I'll always love this show. It was my 2nd favorite show. OF ALL TIME.

And at 42 years, I've watched a lot of television. I think the only thing that would have bumped it from #2 to #1 (over The Shield) is if the show was consistent from the first episode, simply called 'Pilot' all the way through to 'The End'.

There were some stumbles along the way.

Though they were all good, not every episode was great.

The Shield has a distinction for me as being the most consistently written show in the Universe. There was not a season I didn't like, there was not a SINGLE episode that I would not watch again and again and again.

There are a few LOST episodes I would skip when re-watching the series. That's what keeps it out of the #1 spot.

But that's about it.

Anyway, I've rambled on long enough. I have about 7 episodes on the DVR of '24', and so I'll hit all of those and then that's more shows that I currently watch.

Though I did just pick up the first 2 seasons of Breaking Bad because a friend I trust recommended it. I've watched four episodes. It is very, very good, but also very, very slow.

But I am into it enough to keep going. And the lead, Bryan Cranston, is fantastic. What a great actor.

OK, NOW I'm really done.



  1. OMG my husband and would literally get all set up to watch lost.. blankets,snack..maybe a amazing show!! I agree about jack dying..crazy!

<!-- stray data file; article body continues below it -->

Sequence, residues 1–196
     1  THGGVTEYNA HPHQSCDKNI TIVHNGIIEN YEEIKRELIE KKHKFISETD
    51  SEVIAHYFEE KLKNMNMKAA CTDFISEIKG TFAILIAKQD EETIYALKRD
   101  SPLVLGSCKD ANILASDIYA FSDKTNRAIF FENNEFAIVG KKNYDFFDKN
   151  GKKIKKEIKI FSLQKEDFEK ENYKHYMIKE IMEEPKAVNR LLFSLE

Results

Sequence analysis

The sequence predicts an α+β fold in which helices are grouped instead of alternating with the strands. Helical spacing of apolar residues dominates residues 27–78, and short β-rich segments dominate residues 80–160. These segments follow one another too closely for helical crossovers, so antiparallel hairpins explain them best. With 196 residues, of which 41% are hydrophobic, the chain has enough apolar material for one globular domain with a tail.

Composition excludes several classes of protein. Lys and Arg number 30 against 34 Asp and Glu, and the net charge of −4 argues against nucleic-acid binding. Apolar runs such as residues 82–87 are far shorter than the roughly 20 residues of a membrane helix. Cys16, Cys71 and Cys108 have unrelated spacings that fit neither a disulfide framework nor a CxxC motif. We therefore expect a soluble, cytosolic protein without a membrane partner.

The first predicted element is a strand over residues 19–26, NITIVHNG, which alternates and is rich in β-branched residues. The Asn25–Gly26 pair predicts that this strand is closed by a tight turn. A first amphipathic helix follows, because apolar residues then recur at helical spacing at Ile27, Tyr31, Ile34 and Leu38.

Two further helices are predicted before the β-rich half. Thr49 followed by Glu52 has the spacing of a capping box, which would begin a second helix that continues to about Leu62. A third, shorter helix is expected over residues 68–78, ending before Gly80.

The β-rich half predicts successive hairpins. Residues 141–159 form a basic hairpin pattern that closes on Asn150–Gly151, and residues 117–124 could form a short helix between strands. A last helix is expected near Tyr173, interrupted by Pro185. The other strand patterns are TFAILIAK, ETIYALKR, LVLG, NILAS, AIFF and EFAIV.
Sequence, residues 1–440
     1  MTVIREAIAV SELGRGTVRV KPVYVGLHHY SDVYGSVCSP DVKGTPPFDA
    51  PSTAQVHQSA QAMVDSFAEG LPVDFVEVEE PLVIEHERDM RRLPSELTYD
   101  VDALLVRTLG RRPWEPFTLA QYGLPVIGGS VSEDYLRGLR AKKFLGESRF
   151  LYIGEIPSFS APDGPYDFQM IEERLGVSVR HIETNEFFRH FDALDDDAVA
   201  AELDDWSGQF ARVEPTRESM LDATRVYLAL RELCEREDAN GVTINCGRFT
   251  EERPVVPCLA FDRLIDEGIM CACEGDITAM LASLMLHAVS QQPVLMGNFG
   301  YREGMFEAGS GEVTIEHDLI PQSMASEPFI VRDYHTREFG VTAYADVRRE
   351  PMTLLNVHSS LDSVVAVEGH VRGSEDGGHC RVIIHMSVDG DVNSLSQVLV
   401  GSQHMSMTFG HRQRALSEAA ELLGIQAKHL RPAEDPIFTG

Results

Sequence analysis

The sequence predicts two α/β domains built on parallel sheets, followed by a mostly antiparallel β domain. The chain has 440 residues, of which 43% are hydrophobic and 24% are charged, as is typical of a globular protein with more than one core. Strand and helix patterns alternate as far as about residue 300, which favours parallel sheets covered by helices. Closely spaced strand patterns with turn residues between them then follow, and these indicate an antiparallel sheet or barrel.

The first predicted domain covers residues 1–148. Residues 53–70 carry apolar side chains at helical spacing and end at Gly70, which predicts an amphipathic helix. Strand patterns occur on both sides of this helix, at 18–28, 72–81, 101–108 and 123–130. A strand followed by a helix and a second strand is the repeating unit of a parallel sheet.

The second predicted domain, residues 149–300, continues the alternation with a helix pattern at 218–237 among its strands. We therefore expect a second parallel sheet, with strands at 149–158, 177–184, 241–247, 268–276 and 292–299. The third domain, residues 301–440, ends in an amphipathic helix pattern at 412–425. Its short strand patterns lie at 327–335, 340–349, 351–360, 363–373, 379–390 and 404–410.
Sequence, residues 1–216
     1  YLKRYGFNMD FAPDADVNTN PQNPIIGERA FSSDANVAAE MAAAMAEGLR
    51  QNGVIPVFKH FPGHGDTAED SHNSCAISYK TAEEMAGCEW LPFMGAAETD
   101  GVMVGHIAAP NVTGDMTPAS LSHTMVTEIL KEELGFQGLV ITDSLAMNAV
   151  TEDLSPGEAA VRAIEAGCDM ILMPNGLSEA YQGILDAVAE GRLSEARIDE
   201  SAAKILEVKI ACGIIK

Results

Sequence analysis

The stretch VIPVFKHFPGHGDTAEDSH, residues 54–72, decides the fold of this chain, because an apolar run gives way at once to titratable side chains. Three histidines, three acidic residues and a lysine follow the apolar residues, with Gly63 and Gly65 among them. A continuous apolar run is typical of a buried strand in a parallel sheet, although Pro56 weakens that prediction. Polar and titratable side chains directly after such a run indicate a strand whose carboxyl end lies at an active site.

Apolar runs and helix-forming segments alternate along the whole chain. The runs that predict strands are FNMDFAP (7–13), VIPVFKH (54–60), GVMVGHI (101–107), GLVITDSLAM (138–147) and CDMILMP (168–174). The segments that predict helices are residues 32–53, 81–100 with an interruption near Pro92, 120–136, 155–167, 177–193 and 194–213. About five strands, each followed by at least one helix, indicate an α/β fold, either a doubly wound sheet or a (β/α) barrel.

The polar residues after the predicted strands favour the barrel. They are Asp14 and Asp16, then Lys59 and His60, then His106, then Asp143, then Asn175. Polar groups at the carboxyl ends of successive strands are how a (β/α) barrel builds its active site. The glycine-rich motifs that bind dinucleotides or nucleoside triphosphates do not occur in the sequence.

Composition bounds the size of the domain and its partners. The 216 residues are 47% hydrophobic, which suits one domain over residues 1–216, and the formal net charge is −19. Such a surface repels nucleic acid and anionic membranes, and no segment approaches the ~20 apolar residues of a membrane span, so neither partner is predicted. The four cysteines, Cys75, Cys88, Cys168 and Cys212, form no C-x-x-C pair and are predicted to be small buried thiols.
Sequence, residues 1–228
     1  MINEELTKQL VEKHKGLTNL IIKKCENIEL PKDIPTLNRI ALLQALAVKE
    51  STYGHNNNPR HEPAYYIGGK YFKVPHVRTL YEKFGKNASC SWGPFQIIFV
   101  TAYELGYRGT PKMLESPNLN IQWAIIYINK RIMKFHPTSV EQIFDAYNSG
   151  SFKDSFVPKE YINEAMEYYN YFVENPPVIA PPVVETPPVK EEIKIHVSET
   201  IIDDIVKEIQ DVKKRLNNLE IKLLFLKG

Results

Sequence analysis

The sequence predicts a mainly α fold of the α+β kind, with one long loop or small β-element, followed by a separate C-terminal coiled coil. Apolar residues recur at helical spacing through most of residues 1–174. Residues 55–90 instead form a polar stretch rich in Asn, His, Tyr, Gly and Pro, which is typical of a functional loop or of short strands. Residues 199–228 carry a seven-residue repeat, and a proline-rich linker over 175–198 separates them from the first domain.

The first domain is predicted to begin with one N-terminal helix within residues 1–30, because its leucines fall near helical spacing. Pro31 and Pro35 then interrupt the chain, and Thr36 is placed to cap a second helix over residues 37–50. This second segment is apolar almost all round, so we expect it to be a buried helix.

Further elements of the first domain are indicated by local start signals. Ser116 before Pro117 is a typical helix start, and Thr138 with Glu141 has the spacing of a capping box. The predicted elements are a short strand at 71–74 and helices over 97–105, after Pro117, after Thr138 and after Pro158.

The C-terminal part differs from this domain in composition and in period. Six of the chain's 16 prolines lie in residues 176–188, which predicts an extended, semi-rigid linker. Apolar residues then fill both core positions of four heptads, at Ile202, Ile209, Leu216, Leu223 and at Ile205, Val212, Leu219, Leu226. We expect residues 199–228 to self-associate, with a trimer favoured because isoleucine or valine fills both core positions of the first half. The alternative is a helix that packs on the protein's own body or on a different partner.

hope ur summer is going well..:)

  2. The Lost ending was a major disappointment to me. I floundered around listening to Lost Podcasts trying to find someone who was as disappointed as I. I never did and I'm still pissed about it. To me, the purgatory ending was a major cop out, to put it mildly. I relate to your grief.

  3. The ending of Lost could have been so much better. I think no matter how it ended it would resonate and stick with you. The purgatory ending was so unfulfilling for me it tainted all other episodes, because I now know it just ends rather than makes sense or pays off the investment of trying to figure out the workings and function of the island.

    Watch House. If ever there was a show that I think Ken would dig it is House. You want an intellectual show about flawed people then check this show out. I can't imagine you not getting immediately hooked.